Those who can, do…

My last blog sparked an interesting debate in one of the LinkedIn groups. Many people commented that the level of knowledge a recruiter has is more important than gender to determine competence. I agree that knowledge and understanding of engineering is important. Some commentators pointed out that the author of these blogs doesn’t have an engineering degree, and can therefore not be a competent engineering recruiter.

True, I have a degree in Economics and a Masters in Law and Economics. I started my recruitment career in finance recruitment, in which I was successful for many years before moving into engineering recruitment.

I have worked with many excellent recruiters over the year. They have many things in common: a good brain and a desire to learn, excellent listening skills to really understand what the hiring manager and the candidate are looking for, and a willingness to question in order to increase their understanding. Some of the excellent recruiters I have worked with did not have a degree in their area of specialisation, many did.

I personally do not believe that a degree or experience in engineering is necessary to become a great engineering recruiter. I appreciate that having a different background is a handicap, and it will take a while to build up enough knowledge and understanding of your chosen area within engineering. A curious and intelligent recruiter can achieve this. An outstanding recruiter – in any specialisation – needs qualities over and above knowledge of that field. Candidates do not always realise the communication skills and tenacity required to serve the interests of someone considering a career move. Many large organisations have an automated applicant tracking system (ATS) in place these days. Recruiters are required to find new vacancies and job descriptions through the system, and to submit candidates and receive feedback the same way. Human interaction and communication with the hiring manager is often impossible. A recruiter whose only tool is his understanding and knowledge of engineering will very quickly hit a brick wall when trying to understand the details of the job description, how that role fits into the project or company, and will struggle to get meaningful feedback for the candidate who applied. A professional recruiter will know how to break through the wall and communicate with the hiring community. He or she will be able to get meaningful feedback from a hiring manager to pass on to the candidate before or after the interview. I firmly believe that this can add more value to the candidate for future applications, interviews and even for future career decision.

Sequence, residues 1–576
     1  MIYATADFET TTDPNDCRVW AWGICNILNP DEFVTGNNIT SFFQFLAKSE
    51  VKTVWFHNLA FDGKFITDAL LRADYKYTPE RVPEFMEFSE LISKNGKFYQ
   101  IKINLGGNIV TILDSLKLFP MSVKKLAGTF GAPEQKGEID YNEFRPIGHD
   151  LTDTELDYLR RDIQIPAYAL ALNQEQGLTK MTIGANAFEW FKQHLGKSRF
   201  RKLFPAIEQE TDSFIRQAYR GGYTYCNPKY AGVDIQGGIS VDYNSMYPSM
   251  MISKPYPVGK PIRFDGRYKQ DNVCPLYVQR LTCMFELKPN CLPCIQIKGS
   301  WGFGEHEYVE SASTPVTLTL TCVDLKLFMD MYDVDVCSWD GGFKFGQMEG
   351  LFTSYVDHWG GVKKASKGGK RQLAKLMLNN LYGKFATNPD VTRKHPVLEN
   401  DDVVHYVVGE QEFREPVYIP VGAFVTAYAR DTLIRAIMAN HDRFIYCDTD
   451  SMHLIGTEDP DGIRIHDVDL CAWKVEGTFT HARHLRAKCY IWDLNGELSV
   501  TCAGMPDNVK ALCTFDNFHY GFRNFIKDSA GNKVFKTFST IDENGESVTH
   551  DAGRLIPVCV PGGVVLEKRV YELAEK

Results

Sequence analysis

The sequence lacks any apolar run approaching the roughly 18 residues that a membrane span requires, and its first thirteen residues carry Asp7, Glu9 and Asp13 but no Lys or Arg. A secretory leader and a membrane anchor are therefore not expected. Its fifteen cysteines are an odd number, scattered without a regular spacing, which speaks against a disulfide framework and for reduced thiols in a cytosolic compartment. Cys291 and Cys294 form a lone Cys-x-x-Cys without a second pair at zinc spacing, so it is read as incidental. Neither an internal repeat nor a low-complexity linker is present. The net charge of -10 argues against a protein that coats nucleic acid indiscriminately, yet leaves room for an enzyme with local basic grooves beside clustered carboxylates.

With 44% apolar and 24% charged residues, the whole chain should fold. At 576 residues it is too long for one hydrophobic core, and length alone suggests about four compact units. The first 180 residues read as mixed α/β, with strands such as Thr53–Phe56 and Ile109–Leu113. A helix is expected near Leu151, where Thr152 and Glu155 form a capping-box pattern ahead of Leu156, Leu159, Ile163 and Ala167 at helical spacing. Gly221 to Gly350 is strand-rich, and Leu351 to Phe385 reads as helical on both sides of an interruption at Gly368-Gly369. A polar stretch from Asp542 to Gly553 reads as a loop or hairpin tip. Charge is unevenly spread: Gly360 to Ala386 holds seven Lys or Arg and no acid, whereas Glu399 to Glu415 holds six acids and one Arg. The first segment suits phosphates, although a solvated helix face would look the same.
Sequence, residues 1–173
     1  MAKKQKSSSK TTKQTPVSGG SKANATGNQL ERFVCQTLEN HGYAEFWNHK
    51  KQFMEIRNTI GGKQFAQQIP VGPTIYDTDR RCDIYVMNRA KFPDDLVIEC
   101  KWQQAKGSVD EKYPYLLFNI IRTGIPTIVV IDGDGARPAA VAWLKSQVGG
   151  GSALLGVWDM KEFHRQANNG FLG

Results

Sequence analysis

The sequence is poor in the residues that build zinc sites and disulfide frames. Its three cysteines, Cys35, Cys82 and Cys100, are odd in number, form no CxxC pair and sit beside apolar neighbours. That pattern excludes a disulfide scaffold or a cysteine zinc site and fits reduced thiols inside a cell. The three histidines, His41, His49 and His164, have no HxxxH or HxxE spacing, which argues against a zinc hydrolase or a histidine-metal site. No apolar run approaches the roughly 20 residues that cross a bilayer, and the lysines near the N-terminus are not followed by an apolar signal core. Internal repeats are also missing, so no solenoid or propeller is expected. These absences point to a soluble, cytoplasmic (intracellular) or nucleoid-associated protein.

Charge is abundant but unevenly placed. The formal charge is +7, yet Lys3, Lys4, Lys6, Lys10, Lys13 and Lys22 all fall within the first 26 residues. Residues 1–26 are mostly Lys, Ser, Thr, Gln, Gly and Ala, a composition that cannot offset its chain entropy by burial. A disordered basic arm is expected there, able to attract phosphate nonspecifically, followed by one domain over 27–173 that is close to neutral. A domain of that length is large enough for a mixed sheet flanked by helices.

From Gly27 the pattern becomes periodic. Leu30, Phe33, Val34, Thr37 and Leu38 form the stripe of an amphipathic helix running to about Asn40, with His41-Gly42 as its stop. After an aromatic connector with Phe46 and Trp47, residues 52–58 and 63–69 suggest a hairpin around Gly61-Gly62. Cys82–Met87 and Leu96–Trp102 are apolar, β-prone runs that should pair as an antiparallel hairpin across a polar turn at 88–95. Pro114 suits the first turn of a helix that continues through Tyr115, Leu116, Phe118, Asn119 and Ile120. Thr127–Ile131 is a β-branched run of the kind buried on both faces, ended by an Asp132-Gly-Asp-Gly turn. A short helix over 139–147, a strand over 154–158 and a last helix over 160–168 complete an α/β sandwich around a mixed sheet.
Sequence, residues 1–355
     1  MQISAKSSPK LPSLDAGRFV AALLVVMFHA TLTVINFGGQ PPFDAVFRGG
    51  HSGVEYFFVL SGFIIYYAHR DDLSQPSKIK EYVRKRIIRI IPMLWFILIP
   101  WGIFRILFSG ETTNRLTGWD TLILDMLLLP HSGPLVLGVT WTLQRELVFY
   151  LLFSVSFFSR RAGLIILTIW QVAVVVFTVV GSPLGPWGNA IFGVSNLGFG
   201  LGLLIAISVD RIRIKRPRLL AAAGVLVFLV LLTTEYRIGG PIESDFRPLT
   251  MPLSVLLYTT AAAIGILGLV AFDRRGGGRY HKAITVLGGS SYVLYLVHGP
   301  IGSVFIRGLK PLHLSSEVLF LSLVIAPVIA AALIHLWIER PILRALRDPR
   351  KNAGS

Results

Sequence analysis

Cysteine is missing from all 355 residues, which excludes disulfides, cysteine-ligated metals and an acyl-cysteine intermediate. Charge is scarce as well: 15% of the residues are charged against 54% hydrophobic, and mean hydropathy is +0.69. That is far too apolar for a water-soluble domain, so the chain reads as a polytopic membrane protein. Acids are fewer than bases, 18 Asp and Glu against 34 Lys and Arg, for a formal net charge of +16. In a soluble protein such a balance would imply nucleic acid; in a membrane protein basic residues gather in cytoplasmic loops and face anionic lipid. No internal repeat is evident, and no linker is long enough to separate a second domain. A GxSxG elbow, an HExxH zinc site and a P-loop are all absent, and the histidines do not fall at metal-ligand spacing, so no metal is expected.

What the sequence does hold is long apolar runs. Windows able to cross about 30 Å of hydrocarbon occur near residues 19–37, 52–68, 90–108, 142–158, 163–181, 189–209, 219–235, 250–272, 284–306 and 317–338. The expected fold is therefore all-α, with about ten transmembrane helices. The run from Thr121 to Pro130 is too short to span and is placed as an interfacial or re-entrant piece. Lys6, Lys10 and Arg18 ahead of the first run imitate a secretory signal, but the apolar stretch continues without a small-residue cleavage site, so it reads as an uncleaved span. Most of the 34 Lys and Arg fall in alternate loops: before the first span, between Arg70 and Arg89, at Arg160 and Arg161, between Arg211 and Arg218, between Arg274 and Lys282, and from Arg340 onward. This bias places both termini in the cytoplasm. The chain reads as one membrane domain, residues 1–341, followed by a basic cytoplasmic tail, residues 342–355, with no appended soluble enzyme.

A great engineering recruiter is an agent. In professional sports, players have agents representing their interests. Whilst these agents will sometimes be ex-professional players, more often they will have a background in law, accountancy or PR. Professional sports people understand that they need people with different skill sets from their own to represent their interest. A good sports agent will be passionate about the sport they work in, have a thorough understanding of the game, and know what skills the various clubs are hiring. They will also be able to advise the player about career steps over and above short term financial reward, and negotiate a contract in the best interest of the player.